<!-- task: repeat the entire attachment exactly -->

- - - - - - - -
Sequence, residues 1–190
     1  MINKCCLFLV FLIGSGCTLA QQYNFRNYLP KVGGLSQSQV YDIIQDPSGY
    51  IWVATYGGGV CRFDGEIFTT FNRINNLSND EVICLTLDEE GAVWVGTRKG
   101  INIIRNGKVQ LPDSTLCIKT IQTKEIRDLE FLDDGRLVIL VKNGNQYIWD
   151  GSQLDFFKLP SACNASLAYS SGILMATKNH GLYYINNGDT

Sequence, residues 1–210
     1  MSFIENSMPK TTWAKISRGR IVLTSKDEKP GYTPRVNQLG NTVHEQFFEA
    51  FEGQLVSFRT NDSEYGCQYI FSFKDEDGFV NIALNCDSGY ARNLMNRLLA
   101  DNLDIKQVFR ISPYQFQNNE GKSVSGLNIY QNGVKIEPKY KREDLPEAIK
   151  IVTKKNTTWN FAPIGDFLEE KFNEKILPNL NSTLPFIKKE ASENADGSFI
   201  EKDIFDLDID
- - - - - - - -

Sequence, residues 1–190
     1  MINKCCLFLV FLIGSGCTLA QQYNFRNYLP KVGGLSQSQV YDIIQDPSGY
    51  IWVATYGGGV CRFDGEIFTT FNRINNLSND EVICLTLDEE GAVWVGTRKG
   101  INIIRNGKVQ LPDSTLCIKT IQTKEIRDLE FLDDGRLVIL VKNGNQYIWD
   151  GSQLDFFKLP SACNASLAYS SGILMATKNH GLYYINNGDT

Sequence, residues 1–210
     1  MSFIENSMPK TTWAKISRGR IVLTSKDEKP GYTPRVNQLG NTVHEQFFEA
    51  FEGQLVSFRT NDSEYGCQYI FSFKDEDGFV NIALNCDSGY ARNLMNRLLA
   101  DNLDIKQVFR ISPYQFQNNE GKSVSGLNIY QNGVKIEPKY KREDLPEAIK
   151  IVTKKNTTWN FAPIGDFLEE KFNEKILPNL NSTLPFIKKE ASENADGSFI
   201  EKDIFDLDID